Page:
On Tuesday, Haddad told the council: “We’re ready to go,” adding, “We feel like this process has been exhausted.”

But critics, including the park’s original designer, Ken Smith, have said FivePoint’s proposal abandons the city’s vision of a grand public park in favor of a quick and inexpensive solution.

“I voted for a great park and FivePoint’s plan is not a great park,” said Gail Lewis, a 35-year resident of Irvine. “I see this as a commercialized private sports complex.”

Michael Schwartz, a resident of Lake Forest, told the council about visiting the park recently.

“When I looked around, all I saw was rubble, just dirt and nothing but broken promises,” he said. Still, he added, he couldn’t support the developer’s proposal.

“We have plenty of housing, plenty of golf courses,” he said.

Smith, who was selected in 2006 as the park's designer in an international competition, has been sharply critical of the proposed 188-acre golf course, which would replace the deep, winding canyon that he envisioned as the soul of the massive park and a place for guests to “wander and daydream.” He warned that the proposal was a far cry from the ambitious green space he spent years designing.

The Great Park has been in the works for about a decade, ever since county voters approved it in place of constructing an international airport at the closed Marine Corps Air Station El Toro.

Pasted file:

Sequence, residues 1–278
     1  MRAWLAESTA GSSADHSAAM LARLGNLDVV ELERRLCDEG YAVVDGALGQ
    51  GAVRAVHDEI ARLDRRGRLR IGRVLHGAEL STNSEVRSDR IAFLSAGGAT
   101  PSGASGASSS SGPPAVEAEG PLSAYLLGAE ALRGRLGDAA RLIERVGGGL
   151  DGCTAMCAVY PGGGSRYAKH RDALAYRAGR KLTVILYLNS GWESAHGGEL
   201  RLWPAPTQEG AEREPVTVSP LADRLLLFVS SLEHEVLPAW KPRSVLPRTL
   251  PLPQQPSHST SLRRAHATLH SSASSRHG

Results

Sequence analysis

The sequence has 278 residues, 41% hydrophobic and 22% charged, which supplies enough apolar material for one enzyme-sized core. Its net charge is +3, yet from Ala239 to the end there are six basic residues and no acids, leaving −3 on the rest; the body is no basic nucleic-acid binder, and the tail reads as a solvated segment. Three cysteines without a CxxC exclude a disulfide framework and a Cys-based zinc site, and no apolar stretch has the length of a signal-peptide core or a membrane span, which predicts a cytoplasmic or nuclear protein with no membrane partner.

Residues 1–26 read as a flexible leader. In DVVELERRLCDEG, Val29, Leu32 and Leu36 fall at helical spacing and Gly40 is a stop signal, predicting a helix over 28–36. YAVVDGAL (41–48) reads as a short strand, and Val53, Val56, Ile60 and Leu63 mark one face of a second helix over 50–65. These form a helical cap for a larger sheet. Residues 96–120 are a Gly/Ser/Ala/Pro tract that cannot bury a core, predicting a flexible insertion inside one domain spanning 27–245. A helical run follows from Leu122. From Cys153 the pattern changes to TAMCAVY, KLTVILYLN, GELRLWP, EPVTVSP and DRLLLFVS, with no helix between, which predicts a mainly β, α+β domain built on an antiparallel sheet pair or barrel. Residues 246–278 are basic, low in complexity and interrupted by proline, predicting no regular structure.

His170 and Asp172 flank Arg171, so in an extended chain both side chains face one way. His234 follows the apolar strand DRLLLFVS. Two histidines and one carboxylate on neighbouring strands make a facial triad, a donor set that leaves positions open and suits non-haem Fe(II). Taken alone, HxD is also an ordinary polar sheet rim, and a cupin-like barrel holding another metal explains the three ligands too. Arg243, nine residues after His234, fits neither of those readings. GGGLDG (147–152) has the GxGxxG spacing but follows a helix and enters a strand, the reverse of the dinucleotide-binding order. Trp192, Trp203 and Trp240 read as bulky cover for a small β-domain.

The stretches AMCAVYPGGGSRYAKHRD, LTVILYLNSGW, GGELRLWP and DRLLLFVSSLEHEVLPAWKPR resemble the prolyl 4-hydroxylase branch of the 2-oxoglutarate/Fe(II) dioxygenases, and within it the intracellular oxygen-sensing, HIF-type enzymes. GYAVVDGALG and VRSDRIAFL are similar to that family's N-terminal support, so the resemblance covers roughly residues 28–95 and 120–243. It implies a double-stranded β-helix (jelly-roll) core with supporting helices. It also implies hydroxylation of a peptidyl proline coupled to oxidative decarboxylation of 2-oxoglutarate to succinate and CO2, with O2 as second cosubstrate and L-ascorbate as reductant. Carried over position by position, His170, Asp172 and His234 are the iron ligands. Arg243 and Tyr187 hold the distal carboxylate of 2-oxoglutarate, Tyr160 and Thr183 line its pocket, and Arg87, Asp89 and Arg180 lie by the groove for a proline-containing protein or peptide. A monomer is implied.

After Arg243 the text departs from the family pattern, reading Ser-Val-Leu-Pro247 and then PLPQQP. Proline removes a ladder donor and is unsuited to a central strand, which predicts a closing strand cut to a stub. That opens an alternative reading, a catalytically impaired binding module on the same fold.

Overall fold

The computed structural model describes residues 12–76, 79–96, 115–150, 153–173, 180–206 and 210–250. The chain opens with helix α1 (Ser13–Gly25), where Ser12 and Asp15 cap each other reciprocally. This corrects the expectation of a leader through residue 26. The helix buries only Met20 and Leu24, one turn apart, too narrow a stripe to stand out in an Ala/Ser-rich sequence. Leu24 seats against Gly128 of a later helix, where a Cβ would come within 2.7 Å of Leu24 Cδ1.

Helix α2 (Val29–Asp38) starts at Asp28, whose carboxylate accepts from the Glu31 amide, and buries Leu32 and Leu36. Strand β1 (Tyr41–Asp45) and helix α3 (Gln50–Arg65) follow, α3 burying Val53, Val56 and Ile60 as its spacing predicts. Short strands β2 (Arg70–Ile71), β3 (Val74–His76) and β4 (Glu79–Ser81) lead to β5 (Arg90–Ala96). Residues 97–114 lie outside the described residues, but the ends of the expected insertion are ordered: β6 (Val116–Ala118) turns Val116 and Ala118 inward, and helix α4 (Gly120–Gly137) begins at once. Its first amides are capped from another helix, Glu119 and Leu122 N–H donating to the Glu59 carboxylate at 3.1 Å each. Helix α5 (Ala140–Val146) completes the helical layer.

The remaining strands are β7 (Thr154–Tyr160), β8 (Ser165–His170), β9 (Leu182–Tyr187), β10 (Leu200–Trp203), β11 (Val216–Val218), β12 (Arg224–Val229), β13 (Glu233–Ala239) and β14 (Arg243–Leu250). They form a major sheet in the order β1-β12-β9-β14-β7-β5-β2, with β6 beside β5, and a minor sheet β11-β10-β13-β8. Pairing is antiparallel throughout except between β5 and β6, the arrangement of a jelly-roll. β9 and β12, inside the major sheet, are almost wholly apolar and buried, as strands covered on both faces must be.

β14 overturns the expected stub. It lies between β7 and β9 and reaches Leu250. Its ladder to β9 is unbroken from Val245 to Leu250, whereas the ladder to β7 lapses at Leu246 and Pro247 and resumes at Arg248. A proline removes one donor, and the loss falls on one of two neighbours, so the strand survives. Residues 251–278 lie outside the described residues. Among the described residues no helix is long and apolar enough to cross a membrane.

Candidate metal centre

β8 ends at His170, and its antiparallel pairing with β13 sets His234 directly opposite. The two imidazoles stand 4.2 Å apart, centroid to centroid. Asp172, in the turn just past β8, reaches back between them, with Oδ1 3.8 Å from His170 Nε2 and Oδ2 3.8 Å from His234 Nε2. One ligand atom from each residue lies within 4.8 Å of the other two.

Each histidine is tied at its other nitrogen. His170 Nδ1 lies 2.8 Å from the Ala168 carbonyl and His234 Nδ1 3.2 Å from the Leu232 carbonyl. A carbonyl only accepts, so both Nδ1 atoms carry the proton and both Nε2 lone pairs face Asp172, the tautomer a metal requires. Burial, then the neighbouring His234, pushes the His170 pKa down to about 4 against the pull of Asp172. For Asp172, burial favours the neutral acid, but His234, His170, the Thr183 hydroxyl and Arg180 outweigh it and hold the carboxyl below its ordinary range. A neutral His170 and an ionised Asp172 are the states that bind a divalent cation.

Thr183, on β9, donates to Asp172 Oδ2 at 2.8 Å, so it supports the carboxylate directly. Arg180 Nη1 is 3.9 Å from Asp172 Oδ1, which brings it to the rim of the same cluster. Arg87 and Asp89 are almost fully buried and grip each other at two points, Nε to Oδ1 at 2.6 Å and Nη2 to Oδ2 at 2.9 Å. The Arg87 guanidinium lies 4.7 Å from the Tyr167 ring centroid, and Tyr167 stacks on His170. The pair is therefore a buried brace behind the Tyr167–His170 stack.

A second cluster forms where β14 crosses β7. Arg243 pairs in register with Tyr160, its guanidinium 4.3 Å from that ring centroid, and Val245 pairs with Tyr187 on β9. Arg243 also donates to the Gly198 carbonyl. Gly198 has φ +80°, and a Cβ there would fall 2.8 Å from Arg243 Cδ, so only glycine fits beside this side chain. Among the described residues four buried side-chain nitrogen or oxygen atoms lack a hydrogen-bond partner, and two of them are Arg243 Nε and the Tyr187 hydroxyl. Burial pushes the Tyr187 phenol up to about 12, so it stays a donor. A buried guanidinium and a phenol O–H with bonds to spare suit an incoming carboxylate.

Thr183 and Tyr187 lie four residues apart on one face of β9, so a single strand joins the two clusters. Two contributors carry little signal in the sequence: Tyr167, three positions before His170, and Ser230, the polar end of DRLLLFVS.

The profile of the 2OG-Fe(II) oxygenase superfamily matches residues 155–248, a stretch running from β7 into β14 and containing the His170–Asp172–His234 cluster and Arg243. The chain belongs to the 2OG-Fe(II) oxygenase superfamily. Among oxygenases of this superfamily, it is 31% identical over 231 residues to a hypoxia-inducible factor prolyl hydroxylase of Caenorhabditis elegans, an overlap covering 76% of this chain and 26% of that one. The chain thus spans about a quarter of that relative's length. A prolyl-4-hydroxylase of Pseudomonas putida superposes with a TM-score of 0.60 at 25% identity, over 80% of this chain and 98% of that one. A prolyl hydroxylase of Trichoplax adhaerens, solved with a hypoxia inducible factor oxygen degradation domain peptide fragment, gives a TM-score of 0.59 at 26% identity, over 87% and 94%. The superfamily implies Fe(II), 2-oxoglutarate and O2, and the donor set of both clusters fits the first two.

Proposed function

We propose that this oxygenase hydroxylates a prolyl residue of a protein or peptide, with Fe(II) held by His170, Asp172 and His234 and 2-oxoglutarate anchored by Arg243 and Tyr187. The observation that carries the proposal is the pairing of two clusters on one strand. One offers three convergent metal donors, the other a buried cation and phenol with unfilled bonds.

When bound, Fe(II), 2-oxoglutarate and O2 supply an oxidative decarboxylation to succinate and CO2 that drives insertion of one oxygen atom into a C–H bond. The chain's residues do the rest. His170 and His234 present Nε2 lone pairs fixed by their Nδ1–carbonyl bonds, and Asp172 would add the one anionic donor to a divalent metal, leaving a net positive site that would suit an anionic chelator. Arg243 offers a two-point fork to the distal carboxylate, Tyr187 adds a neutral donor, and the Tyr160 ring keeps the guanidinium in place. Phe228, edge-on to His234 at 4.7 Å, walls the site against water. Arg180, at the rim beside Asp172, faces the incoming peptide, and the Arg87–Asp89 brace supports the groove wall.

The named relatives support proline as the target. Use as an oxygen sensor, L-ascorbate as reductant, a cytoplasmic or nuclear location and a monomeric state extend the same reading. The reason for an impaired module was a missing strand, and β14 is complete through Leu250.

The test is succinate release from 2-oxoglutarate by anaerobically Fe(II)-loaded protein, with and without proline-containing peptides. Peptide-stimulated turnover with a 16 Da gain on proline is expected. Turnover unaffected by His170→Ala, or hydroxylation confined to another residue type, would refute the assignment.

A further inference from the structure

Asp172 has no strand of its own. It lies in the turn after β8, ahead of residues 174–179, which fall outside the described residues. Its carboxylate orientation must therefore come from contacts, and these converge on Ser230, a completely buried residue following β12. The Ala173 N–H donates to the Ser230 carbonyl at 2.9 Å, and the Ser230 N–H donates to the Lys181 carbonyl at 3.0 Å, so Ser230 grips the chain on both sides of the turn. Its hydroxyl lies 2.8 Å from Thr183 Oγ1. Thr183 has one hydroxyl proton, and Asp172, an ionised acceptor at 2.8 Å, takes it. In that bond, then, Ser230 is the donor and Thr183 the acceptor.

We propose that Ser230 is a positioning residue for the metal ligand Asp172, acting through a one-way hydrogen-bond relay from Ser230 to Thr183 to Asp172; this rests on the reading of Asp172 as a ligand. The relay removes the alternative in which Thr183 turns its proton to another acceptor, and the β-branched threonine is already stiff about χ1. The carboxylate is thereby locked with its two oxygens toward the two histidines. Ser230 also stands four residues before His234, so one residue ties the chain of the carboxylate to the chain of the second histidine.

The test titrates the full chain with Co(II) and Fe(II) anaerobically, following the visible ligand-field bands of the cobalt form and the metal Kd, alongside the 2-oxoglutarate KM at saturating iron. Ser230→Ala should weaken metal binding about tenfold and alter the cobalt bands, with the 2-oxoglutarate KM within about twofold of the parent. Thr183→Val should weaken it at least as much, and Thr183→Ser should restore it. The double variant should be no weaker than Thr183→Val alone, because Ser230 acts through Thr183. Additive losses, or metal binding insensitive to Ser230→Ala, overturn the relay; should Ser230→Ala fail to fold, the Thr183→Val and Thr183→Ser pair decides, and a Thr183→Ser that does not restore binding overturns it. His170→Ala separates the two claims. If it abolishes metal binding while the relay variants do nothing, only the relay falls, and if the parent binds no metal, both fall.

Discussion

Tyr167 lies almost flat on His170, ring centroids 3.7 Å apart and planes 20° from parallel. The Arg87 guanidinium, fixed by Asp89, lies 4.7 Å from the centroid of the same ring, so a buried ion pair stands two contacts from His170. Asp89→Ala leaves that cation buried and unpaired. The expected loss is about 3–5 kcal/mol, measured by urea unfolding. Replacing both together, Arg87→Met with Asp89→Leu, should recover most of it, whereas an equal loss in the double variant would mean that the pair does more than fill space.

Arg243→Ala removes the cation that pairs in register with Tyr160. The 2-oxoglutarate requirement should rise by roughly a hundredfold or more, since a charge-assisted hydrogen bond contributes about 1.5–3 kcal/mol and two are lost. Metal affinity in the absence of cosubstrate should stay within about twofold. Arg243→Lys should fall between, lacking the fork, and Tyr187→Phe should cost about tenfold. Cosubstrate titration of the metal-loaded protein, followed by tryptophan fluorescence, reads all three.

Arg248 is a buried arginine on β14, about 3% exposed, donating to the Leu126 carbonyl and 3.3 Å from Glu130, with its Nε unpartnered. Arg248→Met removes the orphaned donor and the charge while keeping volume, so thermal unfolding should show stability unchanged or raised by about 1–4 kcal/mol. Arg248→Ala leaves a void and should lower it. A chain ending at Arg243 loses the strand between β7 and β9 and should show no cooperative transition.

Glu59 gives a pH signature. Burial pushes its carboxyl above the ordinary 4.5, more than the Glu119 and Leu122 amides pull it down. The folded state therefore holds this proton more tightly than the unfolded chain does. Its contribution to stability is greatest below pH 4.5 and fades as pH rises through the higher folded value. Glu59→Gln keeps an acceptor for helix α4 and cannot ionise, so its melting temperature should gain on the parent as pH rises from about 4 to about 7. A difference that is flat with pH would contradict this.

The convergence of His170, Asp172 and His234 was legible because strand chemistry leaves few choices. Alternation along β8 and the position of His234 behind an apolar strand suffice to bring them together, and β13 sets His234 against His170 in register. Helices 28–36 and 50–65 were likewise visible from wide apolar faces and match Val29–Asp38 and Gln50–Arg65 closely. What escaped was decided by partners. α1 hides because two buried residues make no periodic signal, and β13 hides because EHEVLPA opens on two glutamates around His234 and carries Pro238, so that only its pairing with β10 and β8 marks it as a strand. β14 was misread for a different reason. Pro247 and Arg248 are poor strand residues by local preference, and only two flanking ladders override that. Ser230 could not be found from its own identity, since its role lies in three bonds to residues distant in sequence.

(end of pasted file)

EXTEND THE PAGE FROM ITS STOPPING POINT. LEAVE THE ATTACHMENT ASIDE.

In 2005, the military sold the land in an online auction to Lennar Corp., which struck a deal with Irvine to transfer about 1,300 acres to the city in exchange for the rights to build thousands of homes around the proposed park. The home builder also paid the city $200 million in fees to begin building the park.

The city has spent much of the money but has built only about 230 acres. According to a Times analysis late last year, designers, planners, architects, engineers and public relations consultants selected by Smith cost the city more than $47 million.

The crash in the real estate market slowed the arrival of the homes, and then the state’s decision to eliminate local redevelopment agencies -- the financial engine that was supposed to generate tax funds to continue construction of the park -- dealt a crushing blow to the city’s plans.

Meanwhile, FivePoint, a Lennar spinoff, moved forward with plans to build homes around the Great Park’s perimeter, so it has a seller’s interest in making sure that construction of the park does not stall much longer.

FivePoint’s proposal would cost the company an estimated $172 million, $40 million of which would be reimbursed by a special tax on Great Park homes. In addition to a golf course and sports park, FivePoint has said it will build a 178-acre wildlife corridor, 72 acres of agricultural land and 75 acres of woodland and a small upper canyon.

The developer also offered to spend $19.5 million to study building an amphitheater and museums, spruce up undeveloped parts of the park and provide for additional costs.

Twitter: @PalomaEsquivel

paloma.esquivel@latimes.com

Esquivel writes for the Los Angeles Times.